“Really consider your target audience,” says Hall.

“If you’re appealing to young people, Instagram might be the way; if you’re wanting to use social as a way to generate traffic to your site and promote products and longer-form content, Facebook or LinkedIn might be a better option.”

“From there, you can create content that is culturally and topically relevant to their lives and engage them in your brand’s conversation.”

Regardless of where a business’ content is being posted, it must be relevant to its target audience and appropriate for the platform.

It becomes easy for businesses to fall into the trap of creating content for content’s sake, however if the content serves a purpose it can become easier to engage customers and, in turn, encourage them to spread the word.

“Ask yourself: ‘How is it going to benefit the reader?’” asks Halls. “Consider why your customer is visiting the platform.”

People go to social media to be informed, entertained, and to find out what is happening in the world and their personal networks.

If a brand can create content that specifically addresses these wants, it can help customers take notice of what it has to say, and the social activity won’t necessarily be seen to be “flogging a product.”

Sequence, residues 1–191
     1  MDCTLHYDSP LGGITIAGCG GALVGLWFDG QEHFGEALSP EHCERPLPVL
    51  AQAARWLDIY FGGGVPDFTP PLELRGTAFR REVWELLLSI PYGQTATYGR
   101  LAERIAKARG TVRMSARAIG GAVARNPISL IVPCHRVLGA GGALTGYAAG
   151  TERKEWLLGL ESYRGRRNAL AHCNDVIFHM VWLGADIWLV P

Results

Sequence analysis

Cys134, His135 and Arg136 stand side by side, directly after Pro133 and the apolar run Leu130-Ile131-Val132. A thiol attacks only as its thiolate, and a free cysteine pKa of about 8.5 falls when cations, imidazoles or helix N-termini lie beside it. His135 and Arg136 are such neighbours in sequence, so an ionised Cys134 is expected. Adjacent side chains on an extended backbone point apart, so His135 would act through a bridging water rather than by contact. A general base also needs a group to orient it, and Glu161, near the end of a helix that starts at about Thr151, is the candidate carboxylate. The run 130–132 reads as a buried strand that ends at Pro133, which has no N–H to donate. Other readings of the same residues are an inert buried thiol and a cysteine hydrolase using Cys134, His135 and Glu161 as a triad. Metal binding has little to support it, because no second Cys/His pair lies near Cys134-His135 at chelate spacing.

For smaller businesses trying to compete with larger, more recognised industry leaders, social media can be a great way to level the playing field but it isn’t free.

To reach the maximum amount of people, it could be worth your while to put a few dollars behind a strategically targeted post.

Can’t please everyone

Managing a social platform isn’t always easy, however, and the content posted online will almost always attract negativity from someone.

“If negative word of mouth does come around, try to be proactive and rectify the situation as soon as possible without letting it fester,” advises Halls. “Try to reach out to the customer before it spreads especially if it’s on social media.”

If a customer is shouting about the negative experience they had with the brand, it could help to say hello and apologise, offer to help them and request feedback to improve the experience moving forward.

Many customers respond well to being contacted, heard and could turn from being a negative customer into a positive shopper relatively easily.

Social media is not necessarily the only avenue for reaching your audience; it just remains the easiest way of interacting with them.

Customers are now proactively using technology to filter out more traditional advertisements, with approximately 31 per cent of those surveyed by Deloitte using ad blockers.

The vast majority use these programs on laptops (74 per cent), followed by desktops (55 per cent), smartphones (28 per cent) and tablets (23 per cent).

It should be noted that as of early 2018, Google Chrome and Apple’s Safari browsers (which account for approximately 80 per cent of the Australian browser market) began automatically filtering out some ads for users.

In this environment it becomes even more important to capitalise on every interaction and convert potential customers into brand ambassadors.